Tiger Woods Commits to Playing in JP McManus Pro-Am Ahead of 2022 Open ChampionshipApril 14, 2022
Tiger Woods has committed to playing the JP McManus Pro-Am at Ireland's Adare Manor in July as part of his preparations for the 2022 Open Championship.
Tournament organizers announced the news Thursday. The two-day event to benefit charity is scheduled for July 4-5. The Open will be held July 14-17 at St. Andrews in Scotland.
McManus, the Irish businessman and racehorse owner hosting the pro-am, released a statement about Woods' participation:
"Tiger has been a great friend and avid supporter of the Pro-Am for a very long time and we are absolutely thrilled he has committed to play once again in the tournament. His presence at Adare Manor will undoubtedly bring huge excitement to the thousands of spectators and we are very grateful to him for giving up his free time to be with us."
Woods played the Masters last week, which marked his first PGA Tour appearance since November 2020 because of serious leg injuries suffered in a February 2021 car crash.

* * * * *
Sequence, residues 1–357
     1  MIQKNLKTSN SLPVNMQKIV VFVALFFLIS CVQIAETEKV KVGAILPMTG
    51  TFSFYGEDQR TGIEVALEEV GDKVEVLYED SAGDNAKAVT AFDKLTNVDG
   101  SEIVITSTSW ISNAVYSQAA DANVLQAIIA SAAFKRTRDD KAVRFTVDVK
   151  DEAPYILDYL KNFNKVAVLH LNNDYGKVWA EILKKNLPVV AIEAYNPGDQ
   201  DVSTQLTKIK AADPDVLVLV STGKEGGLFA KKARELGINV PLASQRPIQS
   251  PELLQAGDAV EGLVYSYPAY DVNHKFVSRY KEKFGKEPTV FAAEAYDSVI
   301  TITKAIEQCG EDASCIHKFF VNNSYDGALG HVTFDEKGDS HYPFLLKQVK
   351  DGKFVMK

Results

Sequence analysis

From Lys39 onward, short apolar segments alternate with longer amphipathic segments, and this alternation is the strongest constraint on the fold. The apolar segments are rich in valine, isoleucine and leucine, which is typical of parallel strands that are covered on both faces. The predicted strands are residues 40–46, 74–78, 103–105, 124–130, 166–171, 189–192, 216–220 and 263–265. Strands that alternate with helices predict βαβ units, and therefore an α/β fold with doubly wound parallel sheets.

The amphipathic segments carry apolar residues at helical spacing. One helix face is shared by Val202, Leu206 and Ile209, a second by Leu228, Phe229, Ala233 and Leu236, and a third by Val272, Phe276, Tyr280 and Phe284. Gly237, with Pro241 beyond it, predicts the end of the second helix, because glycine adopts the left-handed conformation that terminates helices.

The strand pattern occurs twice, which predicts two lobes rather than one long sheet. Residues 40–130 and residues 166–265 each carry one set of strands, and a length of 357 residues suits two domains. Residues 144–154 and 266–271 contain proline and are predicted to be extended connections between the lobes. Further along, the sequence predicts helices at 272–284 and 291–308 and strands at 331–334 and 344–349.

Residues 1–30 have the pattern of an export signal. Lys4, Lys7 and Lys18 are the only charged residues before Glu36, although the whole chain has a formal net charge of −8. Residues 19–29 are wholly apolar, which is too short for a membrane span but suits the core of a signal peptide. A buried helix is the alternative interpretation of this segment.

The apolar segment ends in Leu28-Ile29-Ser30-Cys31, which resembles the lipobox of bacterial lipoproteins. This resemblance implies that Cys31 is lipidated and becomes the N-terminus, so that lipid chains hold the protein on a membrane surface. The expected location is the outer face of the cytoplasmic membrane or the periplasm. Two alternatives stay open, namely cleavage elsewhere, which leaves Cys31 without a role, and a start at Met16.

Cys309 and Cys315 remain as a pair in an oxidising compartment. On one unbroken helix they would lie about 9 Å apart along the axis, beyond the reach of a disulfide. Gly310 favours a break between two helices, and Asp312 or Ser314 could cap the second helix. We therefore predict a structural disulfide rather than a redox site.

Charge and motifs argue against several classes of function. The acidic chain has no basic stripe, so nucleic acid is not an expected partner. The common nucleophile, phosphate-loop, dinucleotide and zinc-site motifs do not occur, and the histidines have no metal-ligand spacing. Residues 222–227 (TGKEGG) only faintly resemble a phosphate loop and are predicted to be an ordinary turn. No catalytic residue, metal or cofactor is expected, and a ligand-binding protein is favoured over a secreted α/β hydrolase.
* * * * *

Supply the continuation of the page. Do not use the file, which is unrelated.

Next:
The 15-time major champion exceeded expectations in the opening round with a one-under 71 and managed to make the cut, but the physical toll of a four-day tournament became evident as he gingerly traversed Augusta National while posting back-to-back 78s over the weekend.
Afterward, he told Sky Sports his status for the PGA Championship in May was uncertain but added he definitely planned to make the trip to St. Andrews.
"That is something that's near and dear to my heart," Woods said. "I've won two Opens there, it's the home of golf and it's my favorite golf course in the world. I will be there for that one."
He didn't mention anything about playing the U.S. Open in June.
Woods joins Rory McIlroy, Collin Morikawa, Jon Rahm, Justin Thomas, Dustin Johnson and Bryson DeChambeau among the PGA Tour stars expected to play in the pro-am. Celebrities in the field include actor Mark Wahlberg and singer Niall Horan.
It'll be the 46-year-old fan favorite's fourth time playing the event.
In November, Tiger told Dan Rapaport of Golf Digest his days as a full-time golfer were over and said he'd focus on a limited schedule around the sport's biggest events, calling it an "unfortunate reality."
"I think something that is realistic is playing the Tour one day—never full-time, ever again—but pick and choose, just like Mr. [Ben] Hogan did. Pick and choose a few events a year and you play around that," Woods said.
Those tournaments will likely include the majority of majors, as he remains three behind Jack Nicklaus for the all-time men's record of 18, and a select few other tournaments where he's enjoyed consistent success in the past, like the Arnold Palmer Invitational and WGC Invitational.